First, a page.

One of my 2017 resolutions is to do a better job exploring Seattle’s various neighborhoods. We committed to local adventures in and around Cleveland before we moved and loved learning about places and things that were right under our noses but that we just never seemed to get around to exploring.
I wanted to apply the same philosophy to Seattle– we don’t know where life might take us, so why not make the most of the time we have here to learn and experience as much as possible.
While we’ve seen many sites throughout the Greater Seattle Area over the past year and a half, it’s not been terribly intentional. Typically we find a festival or event, or our friends invite us to do something, and the next thing we know we’re in Capitol Hall or Fremont taking part in that activity but missing out on everything else there is to see and do in that area.
This year, we’re picking a neighborhood each month and committing at least one day to exploring that neighborhood. Great idea until Friday night when I was facing our last weekend in January without anything planned!
While I was scrambling in my mind to come up with somewhere we could go without too much pre-planning, I was telling Brian that my work colleague had brought in fortune cookies from Tsue Chong Company, a family owned and operated business that has been manufacturing various Chinese food products in Seattle for nearly a century, so that we could all have good luck in the new year.
My mind caught up with my story, and I realized I had the perfect solution! We would go to the International District-Chinatown the next day, January 28, which happened to be Lunar New Year— the absolute best time to go and learn more about Asian history!
Saturday morning we slept in, got some things done around the house and then late morning we hit the road. We parked right in the middle of Chinatown and decided our first stop should be lunch. We walked by Tsue Chong and bought some almond-flavored fortune cookies on our way to a Vietnamese restaurant that’s been long on my list, Tamarind Tree. It was busy but we managed to grab seats and shortly thereafter were sharing an incredible array of stuffed squid, lemongrass chicken satay, tamarind quail, and pork steamed rolls. Everything was delicious, but my favorite was the squid!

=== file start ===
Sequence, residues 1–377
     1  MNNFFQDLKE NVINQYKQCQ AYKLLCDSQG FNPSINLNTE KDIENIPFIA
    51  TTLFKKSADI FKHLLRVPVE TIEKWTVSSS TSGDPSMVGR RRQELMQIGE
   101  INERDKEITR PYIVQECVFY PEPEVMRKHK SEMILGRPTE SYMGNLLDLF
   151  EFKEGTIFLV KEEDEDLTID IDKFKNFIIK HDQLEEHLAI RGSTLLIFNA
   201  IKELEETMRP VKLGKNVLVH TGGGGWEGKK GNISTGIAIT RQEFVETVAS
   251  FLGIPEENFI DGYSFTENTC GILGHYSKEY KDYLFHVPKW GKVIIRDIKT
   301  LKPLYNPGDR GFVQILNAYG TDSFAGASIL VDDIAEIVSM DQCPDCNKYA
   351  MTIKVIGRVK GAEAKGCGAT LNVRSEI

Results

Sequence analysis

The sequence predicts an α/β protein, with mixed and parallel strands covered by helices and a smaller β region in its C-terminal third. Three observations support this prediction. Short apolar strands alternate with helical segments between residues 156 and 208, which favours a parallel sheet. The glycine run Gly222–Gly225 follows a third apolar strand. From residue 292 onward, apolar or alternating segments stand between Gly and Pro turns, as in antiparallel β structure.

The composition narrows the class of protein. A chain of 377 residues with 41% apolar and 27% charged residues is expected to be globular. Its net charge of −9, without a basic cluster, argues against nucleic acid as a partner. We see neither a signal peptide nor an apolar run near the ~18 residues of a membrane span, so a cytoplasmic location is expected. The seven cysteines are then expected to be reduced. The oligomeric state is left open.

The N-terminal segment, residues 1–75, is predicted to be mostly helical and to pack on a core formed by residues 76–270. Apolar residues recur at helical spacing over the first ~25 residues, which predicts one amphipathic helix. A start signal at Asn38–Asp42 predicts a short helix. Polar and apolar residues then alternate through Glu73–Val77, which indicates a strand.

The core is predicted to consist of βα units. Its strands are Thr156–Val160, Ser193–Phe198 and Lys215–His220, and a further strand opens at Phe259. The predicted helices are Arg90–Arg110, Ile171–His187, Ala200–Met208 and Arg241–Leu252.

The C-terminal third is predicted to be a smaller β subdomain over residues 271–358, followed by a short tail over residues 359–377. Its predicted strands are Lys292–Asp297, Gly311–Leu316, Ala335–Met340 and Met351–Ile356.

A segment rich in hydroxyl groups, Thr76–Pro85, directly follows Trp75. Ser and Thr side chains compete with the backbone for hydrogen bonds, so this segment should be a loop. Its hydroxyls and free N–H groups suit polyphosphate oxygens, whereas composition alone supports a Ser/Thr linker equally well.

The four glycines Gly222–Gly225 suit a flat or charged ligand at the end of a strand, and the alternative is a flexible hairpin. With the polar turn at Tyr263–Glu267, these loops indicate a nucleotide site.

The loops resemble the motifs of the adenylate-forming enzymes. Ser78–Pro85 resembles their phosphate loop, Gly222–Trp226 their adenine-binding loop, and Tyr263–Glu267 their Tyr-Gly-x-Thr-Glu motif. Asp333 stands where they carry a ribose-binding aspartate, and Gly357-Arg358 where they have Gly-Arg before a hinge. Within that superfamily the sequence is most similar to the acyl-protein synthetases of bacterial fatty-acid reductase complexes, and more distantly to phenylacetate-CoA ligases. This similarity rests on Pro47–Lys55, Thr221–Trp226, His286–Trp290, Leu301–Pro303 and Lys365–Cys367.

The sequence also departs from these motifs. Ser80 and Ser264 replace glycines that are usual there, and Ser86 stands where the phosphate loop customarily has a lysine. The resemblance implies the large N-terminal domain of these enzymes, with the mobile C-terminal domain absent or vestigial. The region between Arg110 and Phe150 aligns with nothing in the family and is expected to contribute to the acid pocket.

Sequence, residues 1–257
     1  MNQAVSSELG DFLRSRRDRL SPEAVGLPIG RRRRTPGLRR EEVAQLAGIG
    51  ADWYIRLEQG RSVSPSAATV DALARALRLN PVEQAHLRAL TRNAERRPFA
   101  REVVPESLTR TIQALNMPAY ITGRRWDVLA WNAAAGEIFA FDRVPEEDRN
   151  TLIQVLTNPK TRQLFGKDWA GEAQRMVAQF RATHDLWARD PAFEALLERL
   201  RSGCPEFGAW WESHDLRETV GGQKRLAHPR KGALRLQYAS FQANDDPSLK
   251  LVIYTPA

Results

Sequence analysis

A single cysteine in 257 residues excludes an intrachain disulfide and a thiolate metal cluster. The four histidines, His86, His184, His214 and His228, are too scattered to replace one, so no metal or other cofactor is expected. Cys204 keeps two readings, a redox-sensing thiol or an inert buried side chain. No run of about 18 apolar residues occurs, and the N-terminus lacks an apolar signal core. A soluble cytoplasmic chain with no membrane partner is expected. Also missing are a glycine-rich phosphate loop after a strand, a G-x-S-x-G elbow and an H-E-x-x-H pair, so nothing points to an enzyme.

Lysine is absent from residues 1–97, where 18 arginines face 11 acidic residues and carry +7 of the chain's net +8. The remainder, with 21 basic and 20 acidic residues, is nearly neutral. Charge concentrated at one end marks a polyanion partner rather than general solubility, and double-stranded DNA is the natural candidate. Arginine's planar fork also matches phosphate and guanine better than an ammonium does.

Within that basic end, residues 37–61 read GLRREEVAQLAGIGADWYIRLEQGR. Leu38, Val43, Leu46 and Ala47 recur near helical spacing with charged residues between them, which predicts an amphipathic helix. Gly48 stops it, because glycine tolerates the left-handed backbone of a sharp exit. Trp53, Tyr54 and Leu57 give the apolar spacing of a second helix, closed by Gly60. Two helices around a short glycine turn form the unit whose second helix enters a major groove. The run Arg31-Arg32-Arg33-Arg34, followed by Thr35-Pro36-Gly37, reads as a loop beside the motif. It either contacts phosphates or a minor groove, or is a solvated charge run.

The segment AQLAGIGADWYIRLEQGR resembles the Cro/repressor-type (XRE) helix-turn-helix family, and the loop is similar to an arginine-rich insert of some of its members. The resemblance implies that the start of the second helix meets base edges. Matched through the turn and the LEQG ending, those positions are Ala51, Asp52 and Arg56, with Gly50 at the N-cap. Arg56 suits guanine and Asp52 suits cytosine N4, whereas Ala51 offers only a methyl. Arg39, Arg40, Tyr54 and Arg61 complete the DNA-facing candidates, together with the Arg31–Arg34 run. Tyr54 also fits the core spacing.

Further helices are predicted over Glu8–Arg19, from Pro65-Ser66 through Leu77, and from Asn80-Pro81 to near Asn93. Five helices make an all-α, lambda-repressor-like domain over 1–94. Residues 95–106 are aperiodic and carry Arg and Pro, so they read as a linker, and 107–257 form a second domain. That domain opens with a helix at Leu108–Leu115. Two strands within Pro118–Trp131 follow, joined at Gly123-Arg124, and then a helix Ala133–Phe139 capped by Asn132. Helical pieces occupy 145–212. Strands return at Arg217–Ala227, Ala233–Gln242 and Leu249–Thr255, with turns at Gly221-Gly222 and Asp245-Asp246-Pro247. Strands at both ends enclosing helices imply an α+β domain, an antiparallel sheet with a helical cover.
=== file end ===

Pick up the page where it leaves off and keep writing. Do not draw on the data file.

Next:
After washing down our meal with some hot tea, we set off walking back toward a couple of places on our list.
We passed multiple stores with all kinds of discounted produce, and I loved taking in all of the artwork and signage.
There were also some neat old buildings that are now home to family associations and organizations that help immigrants acclimate– from finding housing and jobs to securing bank accounts to learning how to get around to local shops, grocery stores and more. Having lived outside the U.S., I can appreciate how difficult it can be to move somewhere entirely new and try to land on your feet. I can’t imagine what that’s like when you are also trying to learn the language and care for your family. It’s wonderful how this community comes together in support.